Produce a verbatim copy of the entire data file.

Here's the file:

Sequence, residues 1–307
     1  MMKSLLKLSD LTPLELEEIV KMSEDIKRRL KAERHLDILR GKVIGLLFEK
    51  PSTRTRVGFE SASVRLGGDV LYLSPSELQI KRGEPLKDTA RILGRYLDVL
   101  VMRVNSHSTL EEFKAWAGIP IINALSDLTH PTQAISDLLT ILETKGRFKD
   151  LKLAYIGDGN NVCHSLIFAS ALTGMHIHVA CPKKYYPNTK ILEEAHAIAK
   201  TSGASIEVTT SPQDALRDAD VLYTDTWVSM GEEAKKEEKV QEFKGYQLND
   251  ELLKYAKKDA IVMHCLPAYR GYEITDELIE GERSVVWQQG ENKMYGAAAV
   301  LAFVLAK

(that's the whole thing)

Sequence, residues 1–307
     1  MMKSLLKLSD LTPLELEEIV KMSEDIKRRL KAERHLDILR GKVIGLLFEK
    51  PSTRTRVGFE SASVRLGGDV LYLSPSELQI KRGEPLKDTA RILGRYLDVL
   101  VMRVNSHSTL EEFKAWAGIP IINALSDLTH PTQAISDLLT ILETKGRFKD
   151  LKLAYIGDGN NVCHSLIFAS ALTGMHIHVA CPKKYYPNTK ILEEAHAIAK
   201  TSGASIEVTT SPQDALRDAD VLYTDTWVSM GEEAKKEEKV QEFKGYQLND
   251  ELLKYAKKDA IVMHCLPAYR GYEITDELIE GERSVVWQQG ENKMYGAAAV
   301  LAFVLAK